Leonard D'Avolio, Ph.D.
Do you believe that hospitals and health systems fully understand what the best use cases are for AI, or is there a disconnect there?
We have had to learn how to help teams understand how AI works and how to evaluate it with their own data and patients, so that they gain faith in it. You have to ease them into it and you can’t do it in chunks. In time, you can win confidence. Machine learning is 10 percent of the job and workflows, while process and education is the other 90 percent. That’s the greatest challenge—in healthcare we are used to buying solutions, handing it to IT and having them do the installs. But this works differently; it’s about partnerships, learning and adaption. Amazon doesn’t install a third-party population bookselling algorithm and Google doesn’t consider data to be the exclusive property of IT. They succeed because they have re-thought how they approach learning and improvement. Data is the grease between the gears, but it’s a means to an end. It’s really about change management.
The biggest thing that’s missing is that AI is a capability; no one buys it. This is no different than what happened when the Internet became popular in the 1990s. People started spending billions of dollars on Internet-enabled stuff and they had no idea what they were buying, but there was a fury of believing they needed to get involved. When it settled down, it was clear that the constant connectivity would change how you do business. But now, what’s happening is that everyone in healthcare is saying that AI will be important, so they’re talking about it as a solution. But it’s not.
The real challenge now, and what you have to bridge as you get to value, is that people have to understand what AI is and isn’t. And if it’s a capability, you have to understand what problems that capability can help solve. The hard work of solving problems is no different today than it has been forever. But anyone who is thinking about AI as a thing that you purchase and install has put themselves in a position to fail expensively.
When you hear concerns about AI someday replacing certain professions in healthcare, does that strike you as valid?
It’s not a valid fear. It’s just something that sells stories because talking about replacing humans is something that’s super interesting. If you are responsible for leading a healthcare organization and moving toward value-based care in any way—and this isn’t an IT decision— and it’s a CEO, CFO, CMO, and CIO decision—you need to ask yourself, would my organization benefit from a different and better approach to learning from our data? Your team should be creating a list of operational challenges that would benefit from a better understanding of what’s really happening, what is likely happening, and as a result, what’s the best choice to make in light of all of the data we have.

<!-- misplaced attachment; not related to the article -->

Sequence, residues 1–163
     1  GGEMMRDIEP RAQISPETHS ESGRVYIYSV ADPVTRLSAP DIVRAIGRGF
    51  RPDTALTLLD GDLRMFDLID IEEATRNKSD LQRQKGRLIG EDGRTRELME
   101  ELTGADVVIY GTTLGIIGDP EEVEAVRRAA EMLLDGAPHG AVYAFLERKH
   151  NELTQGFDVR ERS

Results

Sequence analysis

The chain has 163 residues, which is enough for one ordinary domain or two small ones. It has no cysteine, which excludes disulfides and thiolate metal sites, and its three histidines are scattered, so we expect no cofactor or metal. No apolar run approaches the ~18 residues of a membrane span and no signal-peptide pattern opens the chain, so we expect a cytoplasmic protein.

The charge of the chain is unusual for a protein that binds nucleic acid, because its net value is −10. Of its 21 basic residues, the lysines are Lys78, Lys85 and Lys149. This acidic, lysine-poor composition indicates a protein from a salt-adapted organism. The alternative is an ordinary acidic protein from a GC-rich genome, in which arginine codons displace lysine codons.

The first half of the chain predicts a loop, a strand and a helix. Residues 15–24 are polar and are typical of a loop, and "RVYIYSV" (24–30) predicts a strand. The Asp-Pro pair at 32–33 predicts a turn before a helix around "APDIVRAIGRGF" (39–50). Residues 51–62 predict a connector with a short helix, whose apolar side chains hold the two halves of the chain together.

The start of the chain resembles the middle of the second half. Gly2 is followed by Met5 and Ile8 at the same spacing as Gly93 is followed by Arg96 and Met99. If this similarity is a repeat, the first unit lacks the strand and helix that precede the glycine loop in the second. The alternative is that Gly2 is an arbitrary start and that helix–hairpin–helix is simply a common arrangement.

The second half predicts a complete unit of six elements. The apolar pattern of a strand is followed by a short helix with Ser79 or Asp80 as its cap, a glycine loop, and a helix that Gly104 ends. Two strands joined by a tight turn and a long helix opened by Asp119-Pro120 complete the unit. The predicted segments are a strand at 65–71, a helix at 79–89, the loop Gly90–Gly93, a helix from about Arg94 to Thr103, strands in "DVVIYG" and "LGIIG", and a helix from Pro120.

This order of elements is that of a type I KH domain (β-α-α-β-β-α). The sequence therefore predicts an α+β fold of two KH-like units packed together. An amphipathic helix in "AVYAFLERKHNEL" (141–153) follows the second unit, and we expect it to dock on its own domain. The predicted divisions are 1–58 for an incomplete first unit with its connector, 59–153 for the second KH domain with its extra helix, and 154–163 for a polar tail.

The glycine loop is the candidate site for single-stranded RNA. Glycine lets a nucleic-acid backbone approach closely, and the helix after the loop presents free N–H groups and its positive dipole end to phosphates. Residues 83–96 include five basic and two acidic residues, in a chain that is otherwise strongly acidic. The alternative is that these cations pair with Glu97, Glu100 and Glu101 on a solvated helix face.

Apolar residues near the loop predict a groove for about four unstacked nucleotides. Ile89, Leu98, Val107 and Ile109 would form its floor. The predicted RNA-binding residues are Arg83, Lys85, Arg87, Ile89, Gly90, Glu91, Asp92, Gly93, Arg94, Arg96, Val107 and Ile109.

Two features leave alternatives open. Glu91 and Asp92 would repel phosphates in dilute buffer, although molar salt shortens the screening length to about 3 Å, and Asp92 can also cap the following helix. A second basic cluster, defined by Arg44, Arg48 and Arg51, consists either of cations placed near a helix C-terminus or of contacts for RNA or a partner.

If you are in the value-based care realm, and you cannot come up with at least 10 operational and clinical opportunities, you are probably not paying enough attention to your organization. In a value-based environment, the idea that in the next three to five years, machine learning will not be a core competency, is incorrect. If you are truly at risk and you are not employing the best approaches possible to learn from data, you will be in [trouble].
Can you offer a timeline for when AI in healthcare will be much more rampant?
None of what I am talking about is applicable to fee-for-service healthcare. Incentives are totally different; only scheduling or billing matters in that environment. But then you have the 13 percent of healthcare delivery that is truly value-based. Right now, 40 percent of Americans have some form of coverage via CMS (the Centers for Medicare & Medicaid Services), and by all indications, reimbursement from those models of care will become increasingly value-based. You will need to adopt the tools that help us learn from our data and operate more efficiently.